One of the most commonly heard questions on internet anxiety-support forums is some variation of: “Is this Generalized Anxiety or Panic Disorder?” Much discussion revolves around the diagnoses and their symptoms, yet the most important thing you will ever learn about your diagnosis is this: it’s largely irrelevant. Aside from the insurance companies and the FDA’s medication standards, your diagnosis has little bearing on your recovery.

The anxiety disorders fall on a spectrum and there is rarely an individual who shows signs of one without showing signs of another. Many people ultimately diagnosed with Generalized Anxiety Disorder (GAD) typically show signs of Obsessive-Compulsive Disorder (OCD). For example, many GADers experience chronic, nagging fears about their health (mental or physical); this is sometimes referred to as hypochondriasis or “health anxiety.” You may not realize it, but your constant thinking and analyzing of physical or mental symptoms is actually a ritual. So is your constant need for reassurance. If you find new symptoms and then rigorously search for relief from Dr. Google, then you’re performing a ritual. We often know this ritual won’t help much, but we can’t help it, we just have to know about the disease we fear so much.

When people think of OCD, they usually think of the Hollywood version: a quirky guy or gal who repeatedly locks his door or who obsessively avoids stepping on cracks in the sidewalk. While this image is true for a lot of OCD sufferers, the vast majority of individuals with OCD do not perform rituals of this type. In fact, according to Dr. Jonathan Grayson and Dr. Lee Baer (and others), most people with OCD do not use any form of “obvious” ritualizing. This is sometimes referred to as “Pure-O” OCD, meaning “pure obsession.” Mental rituals are also common in people with GAD. Analyzing oneself in circles to the point of exhaustion is quite obviously a ritual in which the individual hopes to find relief by thinking about the problem, as if it could be somehow solved through rigorous analysis. (You’re not going to prevent death or illness by thinking about it, I promise you.)

In his book Freedom from Obsessive Compulsive Disorder: A Personalized Recovery Program for Living with Uncertainty, Dr. Grayson notes that individuals with anxiety disorders are almost always obsessive about their fears and they perform rituals without ever recognizing that they’re doing so. There’s a thin line between “coping technique” and “ritual.” Unfortunately, doctors are reluctant to make an OCD diagnosis unless the rituals are bizarre. According to some doctors, if you search the internet for comfort, that’s GAD; but if you spin in circles, that’s OCD.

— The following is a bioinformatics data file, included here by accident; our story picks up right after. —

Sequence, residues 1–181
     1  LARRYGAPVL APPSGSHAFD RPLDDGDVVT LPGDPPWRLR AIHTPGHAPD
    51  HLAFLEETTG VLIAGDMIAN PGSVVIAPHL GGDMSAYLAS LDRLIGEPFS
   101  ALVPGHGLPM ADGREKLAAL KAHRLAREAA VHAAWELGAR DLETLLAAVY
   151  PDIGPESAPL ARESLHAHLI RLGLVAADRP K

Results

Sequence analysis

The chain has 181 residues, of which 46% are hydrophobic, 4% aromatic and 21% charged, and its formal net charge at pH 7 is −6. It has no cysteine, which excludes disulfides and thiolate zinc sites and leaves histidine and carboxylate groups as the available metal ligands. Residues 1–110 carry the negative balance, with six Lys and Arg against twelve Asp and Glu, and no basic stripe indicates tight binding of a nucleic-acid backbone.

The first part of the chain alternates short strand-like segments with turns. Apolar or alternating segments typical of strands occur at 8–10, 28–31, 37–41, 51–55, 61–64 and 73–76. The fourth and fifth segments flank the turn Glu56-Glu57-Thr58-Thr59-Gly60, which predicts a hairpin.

One of the largest problems facing people with anxiety disorders is this concern with diagnosis. Far too much emphasis is placed on diagnosis and too little is placed upon the common factors that unify all anxiety disorders. Many people don’t realize that fear is fear, despite whether it’s called “GAD,” “OCD,” or “happy monkeys.” In most cases, the course of treatment is the same for all anxiety disorders (including simple phobias): exposure, deconditioning, medication, therapy, stress reduction, maintaining a healthy lifestyle.

This isn’t to say that there are no differences between the disorders, but these differences are not clear-cut and relate almost exclusively to the source of the fear. For those with GAD or OCD, the source of fear may be anything that causes unrelenting anxiety, such as health worries, or worries about children or family-members. For Social Anxiety Disorder (SAD), the source of fear is limited to social situations or public speaking, although most people with anxiety disorders fear public places and public speaking. For PD, the fear revolves around panic attacks themselves, although almost everyone with an anxiety disorder experiences panic attacks regularly; and people with PD usually develop obsessive fears of panic attacks that leads to all sorts of behaviors. If you think about all of the “althoughs” that we could place into this paragraph, you’d soon realize that the disorders are more alike than they are different. Their common denominator: extreme, unremitting fear.

Another difference that is of a bit more significance is how one deals with the anxiety. A GADer and OCDer will respond similarly with some sort of ritual behavior that alleviates anxiety. For PDers, SADers, and PTSDers, the primary response is usually one of avoidance. But here again, GADers and OCDers also use a lot of avoidance behaviors to cope. Finally, there is one major difference that must be considered. Biology plays an undetermined role in all anxiety disorders, but research has shown that severe OCD may be more “biological” than was previously thought.

I have long wished that anxiety support groups (including internet groups) would stop separating individuals by diagnosis. This segregation by diagnosis is counterproductive and causes confusion. There are a few exceptions to this, as there always are exceptions, but by-and-large, all people living with chronic anxiety can learn from one another despite the source of the fear. And the most under-recognized and under-diagnosed of the anxiety disorders, OCD, is probably the one that we could learn the most from.

So leave the diagnosing to the doctors, the insurance companies, the FDA, and to academia. You should be focusing on recovery. If that means “crossing over” into the foreign territory of another disorder, do it. You might find that territory to be more familiar than you expected.